The heritage prop collector (& other items)

by | January 5, 2016

A photographer shares his love of all things old, antiques and seed-carvings.

BY: Eleanor Yap

Charlie_Portrat New_1

Photographer Charlie Lim.

Advertising photographer Charlie Lim, 65, is a rebel with a cause. He has gone beyond usual photography into oil painting and light-painting, a photographic technique where exposures are made by moving a hand-held light source while taking a long exposure photograph. Beyond him being known for all this, he also sidelines as a heritage prop collector, buying old items not only for his own expanding personal antique collection but also to use in his photography sessions and to rent out to photographers and events companies.

Ageless Online talks with Charlie about how his unique prop collection got started and how he decides what makes it into his collection of old things:


When did you start buying old items as your props and also for your antique collection? It is interesting that some of these items were from your own past and your family didn’t keep them and now you are buying them.

I started buying old items as my props when I came out to do advertising photography in the early ’90s. It’s because they can be used as props for my food shoots. And for my antique collection, I started in the early ’70s, a few years after I started working. Firstly, my buying habit must have been influenced by my mum. Secondly, I asked myself what is the value of money in 20 years’ time. To me, the value of money never stays the same with inflation and all that.

There is only one item that was from my own past, which my mum gave away, and I bought a similar one to replace it and that is a stone grinder. Sad that my mum gave away the sentimental grinder, which I used it to help my grandmother during festive periods. She would make homemade kueh and I would help her.


A food storage box that is hung so the ants would not get at it.

A food storage box that is hung so the ants would not get at it.

You also have kept some of your mother’s items. Can you share more about some of them? How many old items (those used as props) do you have? What is the oldest item? What is the most expensive item you spent?

Oh, on my mother’s items, I only inherited from her some tiny wine/liquor bottles, which were given free during the Chinese New Year promotion. But I did take over an old antique plate, which was bought by my late father … even before I was born.

In the ’90s, I created a 12-month calendar for a SAFE departmental store. I used old items like an iron, fan, radio, weighing machine, lamp, etc. I probably have more than 250 items as shooting props including travel props. My oldest item must be ink bottle and feather pen, which is from around the 19th century. The most expensive prop item I spent during those days must be a stone seal carving at S$2,300.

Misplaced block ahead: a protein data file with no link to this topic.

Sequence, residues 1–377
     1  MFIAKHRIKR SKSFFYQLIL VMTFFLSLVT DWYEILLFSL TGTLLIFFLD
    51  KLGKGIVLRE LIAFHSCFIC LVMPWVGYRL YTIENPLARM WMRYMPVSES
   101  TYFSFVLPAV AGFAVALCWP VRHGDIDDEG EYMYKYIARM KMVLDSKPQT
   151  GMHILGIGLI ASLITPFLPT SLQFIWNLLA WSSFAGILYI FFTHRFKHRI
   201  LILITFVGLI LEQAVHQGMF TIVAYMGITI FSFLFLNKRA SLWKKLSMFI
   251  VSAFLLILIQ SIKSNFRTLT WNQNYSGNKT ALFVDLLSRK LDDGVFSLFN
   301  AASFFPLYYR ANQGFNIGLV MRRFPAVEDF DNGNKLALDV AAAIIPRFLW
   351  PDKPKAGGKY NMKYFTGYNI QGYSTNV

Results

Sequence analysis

You use these items in your props in photographs as well as when people want to rent them. Can you share some of the scenarios when people wanted them and where some of them have been used?

Events companies, photo studios and direct clients do rent from me for theme events/set-in photo shoots and/or decorations. For specific events, for example a Shanghai scene, Safari expedition or even “Singapore in the ’60s”.


A jackpot machine that still works.

A jackpot machine that still works.

Where do you buy some of these items? How often do you buy these items? What are some items you are still on the lookout for? How do you avoid getting conned?

In the early days, I usually bought from flea markets in Singapore and countries like Thailand, Indonesia, Malaysia, Philippines and China. Only occasionally, do I buy from antique shops as they would then be pricier. In the ’90s, for a period of time, I went to flea markets for about three to four times a month. I don’t have much to look out for at this stage. In fact, I stopped buying for a long time, but I bought a little safe box and an ice-cream container from Indonesia in 2014.

Prop items are easy to identify if it is an imitation, not like antiques, especially porcelain products where you really need to be a real expert. Old props, in today’s context are still not easy to copy; the only one that is being imitated a lot is the gramophone, however, you need to look for one that needs to cranked.


Can you share two interesting stories relating to your buying of old items?

Sometime in the ’80s, I reserved one standing gramophone (size is up to waist level). On that day I didn’t have enough money to pay on the spot. Within two hours, the boss of the shop called up to say that another customer wanted to buy it over and asked me how much I wanted to let it go for. On the next day, one more customer called, who wanted to buy it over and turn it into a bar counter!